I think I'll actually try the pee thing; I'm totally broke right now, and will find a proper fertilizer after I get paid. How can I see if water is getting into the root ball without disturbing it? Just stick my finger in?

(Sorry for being such a noob. : )


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 Post subject: Re: Garden Chat
PostPosted: Wed May 29, 2013 8:58 pm 
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you can put them in dishes and let it sit in the water for 15 minutes or so before pouring the excess out.

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 Post subject: Re: Garden Chat
PostPosted: Thu May 30, 2013 10:23 am 
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Two of the green bean plants have sprouted! Also, more zucchini (or pumpkin)! I thought I saw something almost peaking out yesterday, but I haven't looked yet today. It was really rainy for a couple of days and the slugs came out in force, but they only seemed interested in the rutabaga, which works out because the rutabaga is in desperate need of being thinned out anyway.


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 Post subject: Re: Garden Chat
PostPosted: Fri May 31, 2013 7:44 am 
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My biggest green bean plant (the one that's over 9 feet long now) is starting to flower! All the others are growing so quickly all of a sudden, too. I'm a little terrified that I'm going to be drowned in green beans.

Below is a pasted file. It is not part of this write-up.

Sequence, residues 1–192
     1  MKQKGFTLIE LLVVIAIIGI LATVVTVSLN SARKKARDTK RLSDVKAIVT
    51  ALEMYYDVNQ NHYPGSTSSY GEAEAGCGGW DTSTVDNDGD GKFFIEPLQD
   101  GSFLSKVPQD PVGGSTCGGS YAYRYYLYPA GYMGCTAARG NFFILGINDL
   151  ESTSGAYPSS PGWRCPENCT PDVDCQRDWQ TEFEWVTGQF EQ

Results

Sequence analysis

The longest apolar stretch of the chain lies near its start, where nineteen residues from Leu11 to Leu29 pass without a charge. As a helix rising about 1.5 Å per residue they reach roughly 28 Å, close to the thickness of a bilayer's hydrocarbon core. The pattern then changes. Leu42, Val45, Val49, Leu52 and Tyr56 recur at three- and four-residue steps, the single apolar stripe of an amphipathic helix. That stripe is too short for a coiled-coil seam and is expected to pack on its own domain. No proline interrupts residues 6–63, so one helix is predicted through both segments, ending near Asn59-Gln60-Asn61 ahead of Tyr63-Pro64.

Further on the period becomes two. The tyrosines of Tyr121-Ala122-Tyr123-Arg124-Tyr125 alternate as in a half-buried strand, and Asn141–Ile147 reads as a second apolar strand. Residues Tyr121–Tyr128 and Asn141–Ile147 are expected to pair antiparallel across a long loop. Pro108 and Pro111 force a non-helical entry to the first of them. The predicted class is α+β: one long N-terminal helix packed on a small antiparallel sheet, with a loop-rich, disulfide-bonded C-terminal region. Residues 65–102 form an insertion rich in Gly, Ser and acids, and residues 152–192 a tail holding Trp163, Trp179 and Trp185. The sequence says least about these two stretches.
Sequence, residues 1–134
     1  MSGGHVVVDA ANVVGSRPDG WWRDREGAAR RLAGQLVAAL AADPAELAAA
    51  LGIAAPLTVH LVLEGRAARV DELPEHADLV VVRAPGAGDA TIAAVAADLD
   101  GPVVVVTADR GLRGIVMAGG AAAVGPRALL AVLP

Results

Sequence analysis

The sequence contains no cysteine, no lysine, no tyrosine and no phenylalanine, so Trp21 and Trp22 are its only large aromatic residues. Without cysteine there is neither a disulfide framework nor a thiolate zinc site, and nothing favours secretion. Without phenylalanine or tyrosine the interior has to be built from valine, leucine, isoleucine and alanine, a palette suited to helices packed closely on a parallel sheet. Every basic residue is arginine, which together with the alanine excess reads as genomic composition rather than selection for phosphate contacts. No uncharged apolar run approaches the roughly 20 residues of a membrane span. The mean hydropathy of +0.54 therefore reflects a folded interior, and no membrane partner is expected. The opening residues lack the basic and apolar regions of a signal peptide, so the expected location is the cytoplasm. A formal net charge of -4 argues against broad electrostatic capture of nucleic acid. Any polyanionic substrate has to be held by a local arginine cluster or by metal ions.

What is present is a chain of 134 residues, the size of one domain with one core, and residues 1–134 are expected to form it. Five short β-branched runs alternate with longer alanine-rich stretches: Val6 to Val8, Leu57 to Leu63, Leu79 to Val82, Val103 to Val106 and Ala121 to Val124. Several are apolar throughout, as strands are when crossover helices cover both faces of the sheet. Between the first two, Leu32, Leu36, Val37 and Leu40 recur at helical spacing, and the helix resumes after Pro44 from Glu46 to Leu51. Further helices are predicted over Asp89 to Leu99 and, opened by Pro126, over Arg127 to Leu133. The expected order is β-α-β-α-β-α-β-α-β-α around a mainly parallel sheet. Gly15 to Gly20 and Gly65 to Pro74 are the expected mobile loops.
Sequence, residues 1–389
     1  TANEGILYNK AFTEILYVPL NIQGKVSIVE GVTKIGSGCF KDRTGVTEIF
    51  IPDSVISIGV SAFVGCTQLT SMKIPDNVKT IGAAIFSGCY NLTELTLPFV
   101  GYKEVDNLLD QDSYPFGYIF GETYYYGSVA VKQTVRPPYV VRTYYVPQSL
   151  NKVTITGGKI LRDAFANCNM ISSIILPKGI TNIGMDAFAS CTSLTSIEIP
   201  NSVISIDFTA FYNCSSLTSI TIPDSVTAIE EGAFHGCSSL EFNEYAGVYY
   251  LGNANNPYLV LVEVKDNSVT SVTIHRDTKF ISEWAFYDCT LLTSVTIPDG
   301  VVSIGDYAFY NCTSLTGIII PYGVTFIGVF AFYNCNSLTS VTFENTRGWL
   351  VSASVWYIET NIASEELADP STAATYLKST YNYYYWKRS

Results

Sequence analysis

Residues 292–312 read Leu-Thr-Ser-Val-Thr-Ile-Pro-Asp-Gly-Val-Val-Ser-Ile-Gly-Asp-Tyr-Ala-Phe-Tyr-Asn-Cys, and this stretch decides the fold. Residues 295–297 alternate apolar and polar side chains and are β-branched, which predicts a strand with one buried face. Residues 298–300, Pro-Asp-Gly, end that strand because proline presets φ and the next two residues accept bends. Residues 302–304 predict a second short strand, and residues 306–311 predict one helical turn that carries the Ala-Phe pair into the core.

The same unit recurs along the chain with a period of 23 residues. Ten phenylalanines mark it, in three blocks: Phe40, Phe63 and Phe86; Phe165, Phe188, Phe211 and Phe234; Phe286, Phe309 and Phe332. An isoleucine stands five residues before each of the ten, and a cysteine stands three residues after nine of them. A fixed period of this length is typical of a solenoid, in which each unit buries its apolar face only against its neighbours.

My tomatoes are all fruiting too! Except the green zebra, which has flowers but no fruit yet.

One of my tomatoes is in a container, and it just looks... Sad. Maybe because the others look so good? The leaves are kind of curly and yet droopy, and some of the leaves feel dry. And some of the leaves are bright yellow. It's a mess. (But it's continuing to grow, and fruiting, and it's in a container well away from the area where the others are planted so maybe I should just leave it alone?)

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 Post subject: Re: Garden Chat
PostPosted: Fri May 31, 2013 9:03 am 
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The rest of the green beans are sprouting! Also, more zucchini/pumpkin! And the new ones are in the other part of the garden, so while I still can't tell the difference between the zucchini or pumpkin seedlings, I can now be sure that both are sprouting.


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 Post subject: Re: Garden Chat
PostPosted: Fri May 31, 2013 10:11 am